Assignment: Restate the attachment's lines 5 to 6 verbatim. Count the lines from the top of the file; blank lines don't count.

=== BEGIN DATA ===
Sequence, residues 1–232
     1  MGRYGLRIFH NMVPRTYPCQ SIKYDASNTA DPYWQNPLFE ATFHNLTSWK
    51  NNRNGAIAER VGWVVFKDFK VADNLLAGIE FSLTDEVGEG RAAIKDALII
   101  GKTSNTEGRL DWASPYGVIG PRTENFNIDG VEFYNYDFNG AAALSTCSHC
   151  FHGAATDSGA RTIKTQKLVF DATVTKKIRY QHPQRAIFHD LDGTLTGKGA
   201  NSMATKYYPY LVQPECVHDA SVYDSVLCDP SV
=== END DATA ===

   151  FHGAATDSGA RTIKTQKLVF DATVTKKIRY QHPQRAIFHD LDGTLTGKGA
   201  NSMATKYYPY LVQPECVHDA SVYDSVLCDP SV